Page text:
I used to be a pessimist.
I saw the things I missed out on, the slights by others, the “never gonna happen” reactions.
Somewhere along this journey I found my own silver lining playbook.
I started seeing the other side of those missed moments, failures, changes to my plans.
We often think we know why things happen in our life. I have come to realise my life is made up of a series of sliding door moments and, just like Gwyneth Paltrow’s character in the movie of the same name, I don’t get to see how it plays out both ways.
We make our choices, events happen, others play their parts, but we don’t always see that what feels like the “wrong way” is actually the right path for us.
When I was heading overseas after graduating from college I had a plan. I had spent a year planning my route, the opportunities I would take up (au pair jobs in Europe, work on a game farm in Africa thanks to a college friend, and so on).
More than nineteen years ago my first stop was a kibbutz in Israel. A month before my departure I received a call asking if I would change my kibbutz and dates. I said yes.
That change led me to meet my English husband (who arrived there through his own sliding door moment that led him back to the kibbutz a second time thanks to an invitation from a friend).
I never made it to the European jobs or the game farm, but ended up living in Asia with him and finally settling in Australia 15 years ago.
Here in Australia he was a passenger in a car when they were cut off by another driver. Moments like that are when we usually get angry at other drivers for slowing us down or ruining our plans.
He watched seconds later as the car ahead was crashed into – on the passenger side right where he would have been.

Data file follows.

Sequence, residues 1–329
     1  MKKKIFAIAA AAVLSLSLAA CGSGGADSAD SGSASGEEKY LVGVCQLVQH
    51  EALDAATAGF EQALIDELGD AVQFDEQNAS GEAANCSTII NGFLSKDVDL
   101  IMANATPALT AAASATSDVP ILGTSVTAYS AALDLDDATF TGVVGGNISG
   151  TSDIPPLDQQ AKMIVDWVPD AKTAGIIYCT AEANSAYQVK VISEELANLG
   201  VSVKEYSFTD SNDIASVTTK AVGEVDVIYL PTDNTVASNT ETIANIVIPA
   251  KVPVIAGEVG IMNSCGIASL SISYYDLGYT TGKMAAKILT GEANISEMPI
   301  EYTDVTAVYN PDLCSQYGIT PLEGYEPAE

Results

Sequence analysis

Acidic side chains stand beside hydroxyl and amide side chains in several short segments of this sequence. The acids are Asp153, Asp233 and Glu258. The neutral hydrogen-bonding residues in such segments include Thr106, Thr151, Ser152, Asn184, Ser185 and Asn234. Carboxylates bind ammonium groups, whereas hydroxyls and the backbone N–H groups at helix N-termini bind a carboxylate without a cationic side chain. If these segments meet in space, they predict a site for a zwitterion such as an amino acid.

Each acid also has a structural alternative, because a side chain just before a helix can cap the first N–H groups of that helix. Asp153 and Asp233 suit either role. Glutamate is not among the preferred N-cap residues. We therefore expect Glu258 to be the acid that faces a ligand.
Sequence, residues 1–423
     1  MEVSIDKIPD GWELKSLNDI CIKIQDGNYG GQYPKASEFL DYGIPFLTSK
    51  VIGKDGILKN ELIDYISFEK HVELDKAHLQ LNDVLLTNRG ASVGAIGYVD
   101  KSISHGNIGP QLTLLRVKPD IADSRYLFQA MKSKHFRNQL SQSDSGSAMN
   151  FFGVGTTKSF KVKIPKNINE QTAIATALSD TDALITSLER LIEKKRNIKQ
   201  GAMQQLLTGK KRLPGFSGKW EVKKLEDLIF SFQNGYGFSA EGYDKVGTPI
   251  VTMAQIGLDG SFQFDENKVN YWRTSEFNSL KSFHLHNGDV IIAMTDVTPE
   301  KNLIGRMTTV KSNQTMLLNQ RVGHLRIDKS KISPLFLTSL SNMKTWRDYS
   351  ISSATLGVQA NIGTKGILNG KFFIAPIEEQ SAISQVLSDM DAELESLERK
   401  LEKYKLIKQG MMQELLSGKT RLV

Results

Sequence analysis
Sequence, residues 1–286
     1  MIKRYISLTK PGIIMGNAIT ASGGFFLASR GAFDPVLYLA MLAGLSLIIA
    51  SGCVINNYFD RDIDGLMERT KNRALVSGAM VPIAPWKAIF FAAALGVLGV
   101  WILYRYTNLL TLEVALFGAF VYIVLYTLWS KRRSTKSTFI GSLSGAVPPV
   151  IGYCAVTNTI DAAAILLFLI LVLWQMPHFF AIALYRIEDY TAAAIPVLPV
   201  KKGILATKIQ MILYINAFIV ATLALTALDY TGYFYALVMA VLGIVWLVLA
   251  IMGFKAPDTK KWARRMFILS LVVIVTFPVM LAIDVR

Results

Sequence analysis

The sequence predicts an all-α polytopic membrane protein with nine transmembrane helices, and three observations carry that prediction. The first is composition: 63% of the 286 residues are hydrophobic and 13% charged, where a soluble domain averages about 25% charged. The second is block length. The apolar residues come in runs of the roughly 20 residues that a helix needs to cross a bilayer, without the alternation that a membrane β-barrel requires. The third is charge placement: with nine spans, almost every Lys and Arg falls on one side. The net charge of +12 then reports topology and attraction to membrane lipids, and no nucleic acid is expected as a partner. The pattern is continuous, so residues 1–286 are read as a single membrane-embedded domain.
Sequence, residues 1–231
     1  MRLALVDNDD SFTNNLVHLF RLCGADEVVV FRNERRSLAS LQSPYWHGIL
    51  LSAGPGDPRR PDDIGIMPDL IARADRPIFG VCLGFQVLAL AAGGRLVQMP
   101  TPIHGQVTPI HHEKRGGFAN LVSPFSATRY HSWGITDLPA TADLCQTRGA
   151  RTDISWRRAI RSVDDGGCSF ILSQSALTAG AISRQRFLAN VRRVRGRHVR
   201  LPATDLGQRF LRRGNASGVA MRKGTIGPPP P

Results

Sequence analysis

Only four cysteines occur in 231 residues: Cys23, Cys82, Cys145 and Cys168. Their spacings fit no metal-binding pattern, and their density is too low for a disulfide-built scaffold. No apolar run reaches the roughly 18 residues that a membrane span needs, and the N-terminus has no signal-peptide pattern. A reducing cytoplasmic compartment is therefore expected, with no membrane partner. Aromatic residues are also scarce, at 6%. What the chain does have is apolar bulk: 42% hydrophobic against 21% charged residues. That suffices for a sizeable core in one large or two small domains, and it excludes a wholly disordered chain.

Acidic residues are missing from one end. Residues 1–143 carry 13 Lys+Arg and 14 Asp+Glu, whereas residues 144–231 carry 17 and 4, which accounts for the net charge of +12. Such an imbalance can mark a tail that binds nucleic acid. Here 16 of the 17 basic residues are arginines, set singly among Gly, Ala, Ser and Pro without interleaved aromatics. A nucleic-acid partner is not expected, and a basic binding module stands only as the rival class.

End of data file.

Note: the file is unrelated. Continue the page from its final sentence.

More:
I started seeing the greater plans and silver linings that previously eluded me.
When I miss the traffic light change I remind myself to use it as a water drinking break or an opportunity to chat with my daughters. It might be saving me from a mishap or simply putting me exactly where I need to be.
When I miss out on a job, an invitation or a house we wanted to buy I remind myself that the right one is out there for me.
It teaches me not to attach all my expectations to a moment, knowing the alternative is on the other side of the sliding door.
Even tragedies can bring great things to us if we release the focus on what has been taken from us or done to us.
My father died suddenly when I was 14 years old. My whole life changed in that moment.
As a 41-year-old woman I have considered repeatedly if I would undo it if given the chance – when I was younger it was an immediate yes, to have my father back.
The older me accepts the series of events that all unfolded as a result of that change in my life – leading me to head overseas, meet my husband, all the people I have met, my children I love.
While I will always wonder what my alternative life would have been like if he had lived, it brings me some peace that good can come from bad and there are truly silver linings in this life – if you are open to seeing them.
Have you ever experienced a sliding door moment? Do you see silver linings?